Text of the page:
Comalcalco is both a modern-day city located in Comalcalco Municipality about 45 miles (60 km) northwest of Villahermosa in the Mexican state of Tabasco and a Pre-Columbian Maya archaeological site.
The literal English translation of “Comalcalco” is “In the house of the comals”. A comal is a pan used to prepare food.
The present-day city of Comalcalco reported a 2005 census population of 39,865 inhabitants, while the municipality of which it serves as municipal seat had a population of 173,773. The city is the third-largest community in the state of Tabasco, behind Villahermosa and Cárdenas.
The municipality, which has an area of 723.19 km² (279.225 sq mi), includes many smaller outlying communities, the largest of which are Tecolutilla, Chichicapa, Aldama, and Miguel Hidalgo.
In 1820, the river Mazacalapa was drying up, and many of the families made residence in the middle of the river on an island. The Government of the State of Tabasco; consisting of Juan Mariano Sale, Antonio Solana and Fausto Gordillo, and all members of the congress; established a town in October, and named it Isidro de Comcalco.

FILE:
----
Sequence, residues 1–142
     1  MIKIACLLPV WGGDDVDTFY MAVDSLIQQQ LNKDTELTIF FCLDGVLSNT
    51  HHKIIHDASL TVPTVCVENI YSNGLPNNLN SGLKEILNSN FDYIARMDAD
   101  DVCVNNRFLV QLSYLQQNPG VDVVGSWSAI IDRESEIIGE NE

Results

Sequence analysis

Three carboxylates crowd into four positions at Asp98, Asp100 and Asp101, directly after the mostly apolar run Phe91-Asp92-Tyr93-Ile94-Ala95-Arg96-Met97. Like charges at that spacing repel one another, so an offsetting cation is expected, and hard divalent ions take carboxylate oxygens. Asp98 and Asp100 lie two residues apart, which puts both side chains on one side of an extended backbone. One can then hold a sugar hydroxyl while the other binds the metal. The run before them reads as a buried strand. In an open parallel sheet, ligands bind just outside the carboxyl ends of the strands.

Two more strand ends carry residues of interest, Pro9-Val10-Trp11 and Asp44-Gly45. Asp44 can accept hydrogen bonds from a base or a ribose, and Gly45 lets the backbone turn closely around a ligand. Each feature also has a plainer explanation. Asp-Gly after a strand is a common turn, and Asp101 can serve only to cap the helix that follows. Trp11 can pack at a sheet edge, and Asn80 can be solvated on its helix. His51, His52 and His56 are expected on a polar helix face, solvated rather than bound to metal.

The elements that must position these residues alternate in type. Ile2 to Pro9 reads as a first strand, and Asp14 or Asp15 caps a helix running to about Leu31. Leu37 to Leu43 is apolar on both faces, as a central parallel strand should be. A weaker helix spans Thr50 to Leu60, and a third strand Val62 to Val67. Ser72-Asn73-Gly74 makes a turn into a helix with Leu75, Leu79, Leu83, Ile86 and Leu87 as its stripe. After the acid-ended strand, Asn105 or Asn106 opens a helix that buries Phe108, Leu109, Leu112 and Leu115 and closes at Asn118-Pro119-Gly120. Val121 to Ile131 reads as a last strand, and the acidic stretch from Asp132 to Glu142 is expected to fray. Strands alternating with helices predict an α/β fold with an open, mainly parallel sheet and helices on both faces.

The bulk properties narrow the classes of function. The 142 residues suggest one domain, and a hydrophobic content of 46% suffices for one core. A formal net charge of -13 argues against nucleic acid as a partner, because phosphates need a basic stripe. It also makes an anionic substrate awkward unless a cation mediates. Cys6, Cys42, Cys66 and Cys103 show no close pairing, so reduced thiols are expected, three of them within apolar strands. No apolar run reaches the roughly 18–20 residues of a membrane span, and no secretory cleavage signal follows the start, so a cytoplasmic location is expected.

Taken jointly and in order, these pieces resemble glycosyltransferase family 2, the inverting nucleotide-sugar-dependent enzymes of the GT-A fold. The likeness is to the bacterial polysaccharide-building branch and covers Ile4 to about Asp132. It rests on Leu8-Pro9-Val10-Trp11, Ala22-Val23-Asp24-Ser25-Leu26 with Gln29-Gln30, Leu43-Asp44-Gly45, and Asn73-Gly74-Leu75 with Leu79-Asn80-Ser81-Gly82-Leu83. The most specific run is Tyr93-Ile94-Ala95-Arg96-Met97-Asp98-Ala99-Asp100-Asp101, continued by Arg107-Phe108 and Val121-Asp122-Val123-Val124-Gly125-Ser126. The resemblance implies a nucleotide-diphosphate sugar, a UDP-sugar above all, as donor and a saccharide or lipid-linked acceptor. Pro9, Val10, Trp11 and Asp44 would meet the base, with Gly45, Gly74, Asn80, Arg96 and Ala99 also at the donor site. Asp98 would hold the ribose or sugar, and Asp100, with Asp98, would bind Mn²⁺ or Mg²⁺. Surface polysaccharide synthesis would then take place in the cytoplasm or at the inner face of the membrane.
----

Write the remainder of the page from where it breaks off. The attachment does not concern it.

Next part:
The decree was published by Don Marcelino Margalli, governor of the state and Jose Mariano Troncoso, who was secretary of the state.
The town is located in the Comalcalco municipalities, and on November 14 of 1834 the first local government was created.
The site of Comalcalco is notable for two characteristics. First, it is the westernmost known Maya settlement.
Second, and due to a dearth of locally available limestone (the primary material used in architectural construction), the city’s buildings were made from fired-clay bricks held together with mortar made from oyster shells.
The use of bricks at Comalcalco was unique among Maya sites, and many of them are decorated with iconography and/or hieroglyphs.
Important architectural features include the northern plaza and two pyramids, the Gran Acropolis and the Acropolis Este.
In November 2011, Mark Stevenson authored an article in the Seattle Times claiming that Mexico’s National Institute of Anthropology and History revealed that there may be a reference to the December 2012 “doomsday” date on a second glyph found at their Comalcalco ruin site.
The inscription is on the carved or molded face of a brick, called The “Comalcalco Brick.” The brick has the same Calendar Round as the completion of the thirteenth b’ak’tun.
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